This was once my home: The effect of the Israeli-Palestinian crisis on Brandeis students
“This was once my home, it was once yours, once mine, but now it’s gone,” it goes, “We have fought so much over this land that we forgot what we have been fighting about.”
The pain that people feel over this land can be heard in the music they listen to, the newspapers they read and the everyday conversations they have. The same pain is felt on the other side, something I was recently able to view more clearly.
This past week I had the pleasure of meeting five students from Al-Quds University of East Jerusalem through their school’s partnership with Brandeis. At first I was skeptical about meeting these students, but I developed a friendship with one student in particular, Sinan Abu Shanab. It struck me how easily I was able to get along with Sinan given the tense situation this campus has been enduring.
Following South African Supreme Court Justice Richard Goldstone’s visit to Brandeis, tensions between members of the two opposing sides have escalated on campus, and both have looked at each other with hate and disdain.
A population of the more actively pro-Israel students on campus felt protests at the Goldstone-Gold event were disrespectful and out of place. At the same time some of the pro-Palestinian supporters were trying to stand up for their beliefs. Misguided feelings and prejudices have taken control of many relationships among students at Brandeis and have negatively impacted the atmosphere. The campus has been buzzing, not with excitement nor with anticipation, as it was during the 2008 presidential elections, but instead with great negativity.
To the students from Al-Quds, it was a known fact that I am a strong supporter of Israel and a proud Zionist, but they accepted me regardless. I would get into heated debates with Sinan about the Israeli-Palestinian conflict, American politics and which was the most superior hookah flavor.
At one occasion Sinan and I began to argue about what defines ownership of lands in Israel that were conquered during the 1967 Six Day War. Both of us furiously argued our points, and then Sinan said something that caught my attention.
He told me he loved the land, it felt like home to him and he knew he belonged there.
I instantly understood that his connection to the land was just as valid as my own, and that arguing about the Israeli-Palestinian conflict, for me, was no longer about who was right and who was wrong.
Instead, it was about what we need to do from here to ensure peace.
One of the other Palestinians I met this past week was named Marwan. He approached me and said he knew what my views were and wanted me to hear his story.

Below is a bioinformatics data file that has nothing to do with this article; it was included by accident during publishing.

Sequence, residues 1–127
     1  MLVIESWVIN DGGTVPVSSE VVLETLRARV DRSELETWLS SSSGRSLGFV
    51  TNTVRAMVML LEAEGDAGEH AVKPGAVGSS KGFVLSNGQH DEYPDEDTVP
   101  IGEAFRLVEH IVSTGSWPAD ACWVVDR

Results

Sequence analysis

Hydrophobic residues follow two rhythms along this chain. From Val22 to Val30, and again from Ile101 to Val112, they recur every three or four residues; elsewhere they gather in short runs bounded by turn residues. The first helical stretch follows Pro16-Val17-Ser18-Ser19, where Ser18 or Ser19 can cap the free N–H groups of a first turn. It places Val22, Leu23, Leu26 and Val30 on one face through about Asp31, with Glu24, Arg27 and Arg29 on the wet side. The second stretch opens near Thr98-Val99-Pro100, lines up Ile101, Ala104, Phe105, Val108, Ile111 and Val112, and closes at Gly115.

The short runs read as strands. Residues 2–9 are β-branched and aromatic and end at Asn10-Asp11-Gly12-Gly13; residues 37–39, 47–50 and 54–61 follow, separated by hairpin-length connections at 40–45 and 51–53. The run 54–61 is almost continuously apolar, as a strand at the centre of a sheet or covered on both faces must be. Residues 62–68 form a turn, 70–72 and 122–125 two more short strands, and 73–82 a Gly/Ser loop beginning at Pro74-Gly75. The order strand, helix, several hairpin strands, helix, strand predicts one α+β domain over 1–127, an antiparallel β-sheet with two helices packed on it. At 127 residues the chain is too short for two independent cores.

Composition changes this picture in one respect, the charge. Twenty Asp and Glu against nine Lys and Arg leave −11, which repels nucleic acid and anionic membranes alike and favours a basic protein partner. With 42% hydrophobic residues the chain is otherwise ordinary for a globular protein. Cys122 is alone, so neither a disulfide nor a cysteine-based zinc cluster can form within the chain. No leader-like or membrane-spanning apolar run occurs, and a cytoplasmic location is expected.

He told me that he had lost three people in his life because of actions of the Israeli Defense Force. He had lost his two best friends and his three-year-old niece.
When he vocalized his feelings of this loss I was completely shocked at what I heard.
He did not blame the Israelis or the soldiers: He blamed the governments on both sides for their inability to foster peace. He told me above all he hopes to one day fly into Ben Gurion Airport in Tel Aviv, which he is currently not allowed to do because he is Palestinian.
Marwan told me he does not want to go to Israel or to Tel Aviv, but he wants to be equal to Israelis. To him, regardless of whether they are Palestinian or Israeli, all people deserve to be equal.
I promised Marwan that one day I would fly with him into Ben Gurion Airport. Hopefully when peace arrives, it will be one that involves coexistence between the Israelis and Palestinians.
Both sides of the conflict have suffered tremendously through loss of life, psychological and emotional issues, and through the long-lasting fear that has impressed itself into the hearts and minds of Palestinians and Israelis alike. There is no clear-cut solution to the situation, but in order to even think of any end to the bloodshed and violence both sides need to listen to one another.
People who cannot open their minds to the opinions and beliefs of the opposing side are the ones who are fueling the tensions that have not only taken hold of the atmosphere at Brandeis, but also act as an obstacle to the peace process.
I saw this clearly while spending time with the students from Al-Quds.
My co-zionists called me a traitor for talking to the Al-Quds students, while people who are pro-Palestinian questioned my right to interact with them.
This is my biggest criticism of not only Brandeis politics but of the opposing sides in the conflict as well. There is an inability to listen and to accept that both sides have a valid argument. There is not right or wrong: There are two sides, both of which are tired of fighting, but also too stubborn to listen.
Hopefully this message will be received as an olive branch rather than degrading criticism. Hopefully students at Brandeis will become a model for coexistence and understanding, rather than continue to follow the path of close mindedness and intolerance towards one another that has plagued the Middle East.
Maybe it’s just wishful thinking or optimism, but hopefully this is the start to a change in the way we respect each other.
More posts by Shirel Guez
- Our politics continue to divide us - October 8, 2010
- Protests symbolic of ailing peace process - November 13, 2009
- The Goldstone Report: A biased witch hunt against Israel - October 30, 2009